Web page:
10 June 2012 Sunday
We depart Penrose State Park at 0710 hrs after coffee, oatmeal, blueberries and almonds. The morning looks good, but overcast, seas calm. It is a good day if there is no wind or rain. We maneuver around the markers that alert us to the Wycoff Shoals and cross Pitt Passage to pick up our red channel marker off of Pitt Island.
|Campsite In Pickering Passage|
Across this channel is where Puget camped in a driving rainstorm. The officers had a tent but the men had to cover up with sails, get out of the wind and rain by staying under the trees. I can’t imagine how they were able to cope with all the hardships they had to endure, day after day, months and years of hard situations. I suppose relief came with their daily rations of grog and spruce beer.
|Devil's Head Continental Shoreline to Starboard|
From this turning point we can not see Long-Ketron island, but Pigeon-McNeil Island is to our port, Eagle Island is ahead and Anderson is to our starboard. We turn Shatoosh hard to port and head towards Eagle Island and beyond to Long-Ketron Island.
|Pigeon and Eagle islands|
A nice Devilan designed 30 ft cruiser is on a buoy. We cruise by and compliment the owner on his vessel.
Then we head straight across Balch Passage to Long or Ketron Island. And take a bearing and latitude that Whidbey so desperately wanted. 47 deg, 10 minutes, 122 degrees, 37 minutes. We use our GPS and Too Tall Tom’s smart phone and I use my IPhone to get the reading. It is now 0930 hrs.
There is a large house on the point with a long pier and dock. He has a view north to the Narrows Bridge. I wonder if he knows that Lt. Puget and company had dinner on their property but also, Captain Vancouver and his company spent the night in the same location. Too Tall answers by saying, “ I wonder if they even care?” I hope so, as this is an important event that took place on their property. “Location, Location, Location---what a selling point! There should be a Historic Marker here for certain.
From here we cross over to Anderson Island and into Oro Bay. I have never been here before by boat. Years ago I use to come to Anderson Island, packing my bike onto the Ferry and riding the hills. I loved reading the book Anderson Island. I love to live on islands and visit them. I am pleasantly surprised by what a beautiful little bay this is. Several Yacht Clubs have huge docks and facilities as an out post for their members. An old ferry boat is anchored in the back southern section. This large point is where Puget pulled into to get relief from another storm and the Indians brought them salmon. Their village was near the fresh water creek at the back section. This place is lovely, peaceful and offers good protection for some anchoring in the future. I like this a lot.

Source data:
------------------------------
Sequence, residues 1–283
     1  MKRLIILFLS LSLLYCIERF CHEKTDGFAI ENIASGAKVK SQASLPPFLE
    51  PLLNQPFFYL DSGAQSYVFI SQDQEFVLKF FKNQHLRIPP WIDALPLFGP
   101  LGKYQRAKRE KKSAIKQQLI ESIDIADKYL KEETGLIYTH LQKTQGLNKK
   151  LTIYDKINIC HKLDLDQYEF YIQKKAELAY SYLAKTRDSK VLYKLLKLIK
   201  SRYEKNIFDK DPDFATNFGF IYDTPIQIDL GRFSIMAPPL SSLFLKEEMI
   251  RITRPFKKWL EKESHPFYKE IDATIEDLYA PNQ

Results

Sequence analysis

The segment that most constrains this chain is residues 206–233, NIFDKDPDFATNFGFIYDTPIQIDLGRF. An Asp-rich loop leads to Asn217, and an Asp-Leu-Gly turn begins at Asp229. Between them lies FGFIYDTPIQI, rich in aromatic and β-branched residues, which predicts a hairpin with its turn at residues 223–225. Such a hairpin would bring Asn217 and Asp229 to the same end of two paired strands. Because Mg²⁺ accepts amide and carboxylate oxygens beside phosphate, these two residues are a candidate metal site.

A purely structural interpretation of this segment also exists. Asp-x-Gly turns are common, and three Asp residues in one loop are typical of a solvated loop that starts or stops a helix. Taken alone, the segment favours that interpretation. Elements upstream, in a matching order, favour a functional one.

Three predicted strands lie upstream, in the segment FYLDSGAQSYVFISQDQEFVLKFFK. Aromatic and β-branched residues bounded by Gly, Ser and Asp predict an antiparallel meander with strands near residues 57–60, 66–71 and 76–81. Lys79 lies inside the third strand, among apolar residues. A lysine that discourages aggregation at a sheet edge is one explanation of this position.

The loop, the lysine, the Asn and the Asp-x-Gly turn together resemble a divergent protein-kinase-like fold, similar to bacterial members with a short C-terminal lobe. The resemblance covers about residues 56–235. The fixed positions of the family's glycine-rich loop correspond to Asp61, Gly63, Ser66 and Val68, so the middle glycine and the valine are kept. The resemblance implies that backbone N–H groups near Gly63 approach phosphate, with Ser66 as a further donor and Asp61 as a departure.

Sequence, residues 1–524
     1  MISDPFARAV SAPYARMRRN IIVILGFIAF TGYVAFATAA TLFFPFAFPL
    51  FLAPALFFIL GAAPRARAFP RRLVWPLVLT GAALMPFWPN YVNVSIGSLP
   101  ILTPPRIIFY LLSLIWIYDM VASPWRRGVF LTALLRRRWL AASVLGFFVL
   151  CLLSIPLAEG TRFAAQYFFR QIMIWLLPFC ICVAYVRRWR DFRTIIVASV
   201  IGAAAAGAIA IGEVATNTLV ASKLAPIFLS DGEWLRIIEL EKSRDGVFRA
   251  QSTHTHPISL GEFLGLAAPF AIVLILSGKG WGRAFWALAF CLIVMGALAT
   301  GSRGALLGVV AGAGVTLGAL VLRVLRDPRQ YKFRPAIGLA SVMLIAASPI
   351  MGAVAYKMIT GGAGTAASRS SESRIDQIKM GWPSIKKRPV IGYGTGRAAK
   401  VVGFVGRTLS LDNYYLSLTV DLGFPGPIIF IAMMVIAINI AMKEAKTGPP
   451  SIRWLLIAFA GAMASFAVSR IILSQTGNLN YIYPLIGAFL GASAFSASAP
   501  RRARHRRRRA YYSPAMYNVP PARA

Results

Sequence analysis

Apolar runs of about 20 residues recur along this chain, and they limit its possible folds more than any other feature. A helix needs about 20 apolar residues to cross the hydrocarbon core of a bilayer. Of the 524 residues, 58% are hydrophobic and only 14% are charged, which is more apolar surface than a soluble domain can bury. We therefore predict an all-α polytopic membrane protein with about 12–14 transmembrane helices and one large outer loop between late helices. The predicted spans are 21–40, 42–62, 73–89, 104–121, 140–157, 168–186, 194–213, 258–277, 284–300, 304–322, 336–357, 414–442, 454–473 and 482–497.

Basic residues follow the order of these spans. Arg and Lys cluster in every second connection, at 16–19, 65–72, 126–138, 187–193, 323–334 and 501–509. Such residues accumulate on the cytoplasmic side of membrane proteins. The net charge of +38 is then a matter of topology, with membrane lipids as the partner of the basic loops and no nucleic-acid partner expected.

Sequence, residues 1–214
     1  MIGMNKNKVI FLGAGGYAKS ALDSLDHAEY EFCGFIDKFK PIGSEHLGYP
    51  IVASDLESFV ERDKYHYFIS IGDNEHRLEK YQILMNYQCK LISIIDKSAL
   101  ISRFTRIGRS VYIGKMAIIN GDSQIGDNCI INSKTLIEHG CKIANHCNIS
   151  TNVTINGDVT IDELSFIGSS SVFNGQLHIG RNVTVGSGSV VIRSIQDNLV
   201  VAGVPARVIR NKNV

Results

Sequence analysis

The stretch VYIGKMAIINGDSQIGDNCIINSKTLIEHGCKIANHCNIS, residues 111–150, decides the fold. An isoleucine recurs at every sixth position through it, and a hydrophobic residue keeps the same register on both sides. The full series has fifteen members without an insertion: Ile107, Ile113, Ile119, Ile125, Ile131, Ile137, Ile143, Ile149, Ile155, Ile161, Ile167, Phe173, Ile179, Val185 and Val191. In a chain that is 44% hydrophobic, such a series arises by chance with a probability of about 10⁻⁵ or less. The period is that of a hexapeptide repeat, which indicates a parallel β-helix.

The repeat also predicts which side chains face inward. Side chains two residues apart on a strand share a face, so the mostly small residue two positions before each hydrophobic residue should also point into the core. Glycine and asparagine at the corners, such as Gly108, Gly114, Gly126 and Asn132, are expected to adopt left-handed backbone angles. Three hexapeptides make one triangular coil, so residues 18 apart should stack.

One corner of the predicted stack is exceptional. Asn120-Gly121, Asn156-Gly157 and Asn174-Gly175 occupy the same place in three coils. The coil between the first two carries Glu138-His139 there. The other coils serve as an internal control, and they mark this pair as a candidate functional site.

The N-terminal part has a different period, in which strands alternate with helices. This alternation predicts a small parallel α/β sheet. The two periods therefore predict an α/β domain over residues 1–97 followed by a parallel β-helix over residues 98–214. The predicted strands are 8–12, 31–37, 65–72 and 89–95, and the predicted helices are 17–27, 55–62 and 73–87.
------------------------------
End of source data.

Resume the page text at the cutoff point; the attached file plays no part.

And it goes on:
We arrive at Wednesday or Herron Island at 1330 hrs and after reading the journals realize the explorers stop further on the lee shore to avoid the direct hit by their driving rainstorm. Notes, also state that even Menzies did not venture out of his tent that afternoon to collect flora samples. We, on the other hand did not have rain and while overcast it was light. Their campsite is well protected from the south easterlies. The water is very deep close to shore. There is a private ferry that brings the land owners over to their homes on this small island.
Wednesday-Herron Island campsite
We decide to short cut the upper reaches of Case Inlet and proceed to Jarrell’s Cove so Too Tall can experience this delightful place. Again the explorers did not stop here, but we will. We pull into the private marina first at 1500 hrs and take on 13 gallons and ice cream bars. We enjoy nice warm showers, meet some interesting folks on the dock and land and the sun appears. Hurray. The camp hosts own a porta bote and he built a metal box under his fifth wheel and slides his folded bote into it. Very clever.
|Relaxing in the late afternoon sun Jarrell's Cove|
|Too Tall decides to take Pashmina for a spin.|
At 1915 hrs I spot a male merganser swimming past Shatoosh and grab my binoculars. There on shore the mother is escorting her brood of very little babies . There are so many and so closely clustered that we can’t come up with a count, but there are at least 12. With this number in tow, they are very young. Most are consumed by frogs, fish and birds. The merganser babies are known for jumping on their mother’s backs and going for a free ride, which these have already learned. They scurry across the cove and out of sight. I love it when we get to see nature at her best.